Donald Trump and his top energy adviser, oil baron Harold Hamm, will appear in the hard-hit battleground state of Pennsylvania this week to rally the oil and gas industry in the heart of Marcellus Shale country.
The Republican presidential nominee is scheduled to speak at an industry conference in Pittsburgh on Thursday before almost 2,000 attendees, where insiders say he's likely to delve deeper into a strategy that has been heavy on oil and gas while steering clear of renewable energy and climate change.
"He will get more specific about his energy policy there," said Trump economic adviser and Texas energy guru Kathleen Hartnett White, who has yet to meet the famed billionaire TV personality. "You don't have to do too much, other than restrain government — I'm serious."
Trump is also slated to talk about hydraulic fracturing, an issue that prompted clarification from Hamm last month after the presidential candidate said he would support local bans on hydraulic fracturing. Hamm later told The Wall Street Journal that Trump didn't fully understand the question and supports the industry.
"Donald Trump is pro-business. He is pro-energy and he is not going to shut down fracking or drilling or anything else," Hamm told the newspaper. "He is for this industry 100 percent."
Noticeably absent from the Marcellus Shale Coalition's Shale Insight conference in Pittsburgh this week will be Democratic presidential nominee Hillary Clinton, who was invited to attend but is not teed up to speak. Her campaign was not immediately available for comment. The Ohio Oil and Gas Association and the West Virginia Oil and Natural Gas Association are co-hosting the conference.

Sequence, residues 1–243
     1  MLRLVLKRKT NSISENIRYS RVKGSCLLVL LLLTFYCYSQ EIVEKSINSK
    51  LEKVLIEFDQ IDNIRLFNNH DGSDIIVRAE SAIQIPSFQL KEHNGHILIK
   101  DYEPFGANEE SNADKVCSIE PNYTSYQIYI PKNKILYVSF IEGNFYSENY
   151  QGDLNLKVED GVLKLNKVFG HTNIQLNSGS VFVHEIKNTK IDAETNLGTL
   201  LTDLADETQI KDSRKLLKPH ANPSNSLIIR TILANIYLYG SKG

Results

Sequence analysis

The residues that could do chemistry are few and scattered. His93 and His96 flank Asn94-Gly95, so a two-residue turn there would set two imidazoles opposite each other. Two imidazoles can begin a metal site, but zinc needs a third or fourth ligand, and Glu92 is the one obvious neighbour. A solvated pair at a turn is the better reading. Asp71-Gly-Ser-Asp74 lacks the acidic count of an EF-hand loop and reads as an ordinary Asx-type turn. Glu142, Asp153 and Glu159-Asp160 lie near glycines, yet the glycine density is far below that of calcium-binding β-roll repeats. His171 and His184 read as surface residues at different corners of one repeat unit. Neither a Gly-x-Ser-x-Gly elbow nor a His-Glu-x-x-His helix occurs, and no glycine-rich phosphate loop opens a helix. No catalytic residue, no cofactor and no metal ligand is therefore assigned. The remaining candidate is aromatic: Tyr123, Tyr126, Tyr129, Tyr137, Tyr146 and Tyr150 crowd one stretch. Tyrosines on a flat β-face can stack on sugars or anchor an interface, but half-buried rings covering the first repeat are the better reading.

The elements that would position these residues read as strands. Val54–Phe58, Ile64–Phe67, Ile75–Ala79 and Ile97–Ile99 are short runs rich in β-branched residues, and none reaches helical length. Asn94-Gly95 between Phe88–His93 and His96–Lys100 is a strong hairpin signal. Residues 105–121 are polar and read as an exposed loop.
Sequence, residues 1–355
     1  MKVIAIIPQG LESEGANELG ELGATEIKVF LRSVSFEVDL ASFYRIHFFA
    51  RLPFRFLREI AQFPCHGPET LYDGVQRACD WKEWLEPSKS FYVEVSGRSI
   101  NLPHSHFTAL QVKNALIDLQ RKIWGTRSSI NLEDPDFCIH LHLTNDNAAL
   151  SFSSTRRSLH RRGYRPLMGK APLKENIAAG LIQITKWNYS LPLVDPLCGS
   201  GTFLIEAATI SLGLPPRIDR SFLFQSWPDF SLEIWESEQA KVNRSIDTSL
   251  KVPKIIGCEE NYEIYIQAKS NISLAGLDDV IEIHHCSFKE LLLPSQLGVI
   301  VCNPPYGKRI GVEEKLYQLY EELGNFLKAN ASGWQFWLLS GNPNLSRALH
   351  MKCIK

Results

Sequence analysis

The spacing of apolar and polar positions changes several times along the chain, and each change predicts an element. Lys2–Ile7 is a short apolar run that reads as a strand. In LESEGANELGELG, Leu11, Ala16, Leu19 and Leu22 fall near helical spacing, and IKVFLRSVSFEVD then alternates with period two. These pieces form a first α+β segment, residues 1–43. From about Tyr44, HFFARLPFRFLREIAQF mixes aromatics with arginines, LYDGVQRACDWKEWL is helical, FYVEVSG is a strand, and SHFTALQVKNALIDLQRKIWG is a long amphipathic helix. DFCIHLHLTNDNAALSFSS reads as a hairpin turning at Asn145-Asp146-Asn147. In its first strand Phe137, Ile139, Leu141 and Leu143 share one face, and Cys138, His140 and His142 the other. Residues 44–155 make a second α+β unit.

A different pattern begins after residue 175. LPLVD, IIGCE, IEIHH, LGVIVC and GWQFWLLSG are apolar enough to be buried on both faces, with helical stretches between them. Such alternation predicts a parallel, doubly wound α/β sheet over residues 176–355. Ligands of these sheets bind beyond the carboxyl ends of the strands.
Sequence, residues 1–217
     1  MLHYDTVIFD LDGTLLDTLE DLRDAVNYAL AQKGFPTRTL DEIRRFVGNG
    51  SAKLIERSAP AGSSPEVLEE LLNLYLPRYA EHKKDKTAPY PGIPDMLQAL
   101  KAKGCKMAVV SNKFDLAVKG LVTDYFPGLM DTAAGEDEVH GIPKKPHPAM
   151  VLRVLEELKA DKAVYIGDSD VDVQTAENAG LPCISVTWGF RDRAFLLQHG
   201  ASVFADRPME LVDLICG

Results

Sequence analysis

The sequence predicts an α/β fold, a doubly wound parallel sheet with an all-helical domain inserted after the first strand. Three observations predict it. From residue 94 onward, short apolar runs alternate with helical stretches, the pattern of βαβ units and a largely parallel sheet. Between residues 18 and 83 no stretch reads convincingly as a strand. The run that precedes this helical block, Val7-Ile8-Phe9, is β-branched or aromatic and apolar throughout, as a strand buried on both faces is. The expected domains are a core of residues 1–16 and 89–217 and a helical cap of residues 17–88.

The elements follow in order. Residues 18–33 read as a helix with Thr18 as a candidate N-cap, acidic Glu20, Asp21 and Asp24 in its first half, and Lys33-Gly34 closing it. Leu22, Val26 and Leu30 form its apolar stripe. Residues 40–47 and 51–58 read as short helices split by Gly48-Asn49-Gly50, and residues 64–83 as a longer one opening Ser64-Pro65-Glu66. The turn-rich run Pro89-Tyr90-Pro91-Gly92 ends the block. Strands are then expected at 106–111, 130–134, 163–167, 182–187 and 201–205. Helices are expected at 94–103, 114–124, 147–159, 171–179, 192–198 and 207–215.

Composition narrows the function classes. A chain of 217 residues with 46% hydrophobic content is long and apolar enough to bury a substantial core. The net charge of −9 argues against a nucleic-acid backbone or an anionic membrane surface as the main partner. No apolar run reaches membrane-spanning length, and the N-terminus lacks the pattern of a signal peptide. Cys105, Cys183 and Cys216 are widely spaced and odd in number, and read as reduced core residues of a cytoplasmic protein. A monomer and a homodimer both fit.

The Trump family has been hitting the swing state of Pennsylvania hard in recent weeks. At the opening of Trump's campaign headquarters last week near Canonsburg, Pa., south of Pittsburgh, Donald Trump Jr. told a crowd of 500 that his father is going to bring jobs back to the area by pushing energy development, according to a local television station.
Trump will likely take the opportunity in Pittsburgh to touch on the need to authorize infrastructure like the long-discussed Keystone XL pipeline and infrastructure at ports, White said, but will steer clear of any chatter on grants, low-interest loans or subsidies.
"It is quite self-contained, a competitive industry; it's not the big, global majors, Shell, Exxon, etc. The shale revolution originates from many small and medium-sized energy companies that have just figured out how to refine existing technologies," she said.
Trump's pro-infrastructure message could resonate in the Marcellus region, which has been experiencing an oil and gas production slowdown, a drop in the number of rigs being drilled and waves of layoffs.
David Spigelmyer, the head of the Pittsburgh-based Marcellus Shale Coalition, touted the region's pivotal role in energy, job creation — and White House elections.
"Our states will also play a critical role in determining the presidential outcome, as they have in years past," Spigelmyer said in a statement. "For these reasons, we're very excited to hear from Donald Trump at this week's conference, and to put our industry and its shared economic, environmental and national security-related successes on a national stage."
Trump has come under fire for providing few details on his energy views and even shifting his positions by scrubbing content on his website (Greenwire, Sept. 16).
While Trump's major energy policy speech, delivered in May in North Dakota, may be "more general than you'd like to see," White said it recognizes a steady increase of energy regulations in the United States since the 1970s that have severely restricted energy production on federal lands (E&E Daily, May 27).
White, director of the Center for Energy & Environment at the Texas Public Policy Foundation, co-authored the book "Fueling Freedom" with former Wall Street Journal columnist Stephen Moore, who has also been urging Trump to push energy and jobs on the campaign trail and believes that message was heard (E&E Daily, Sept. 7).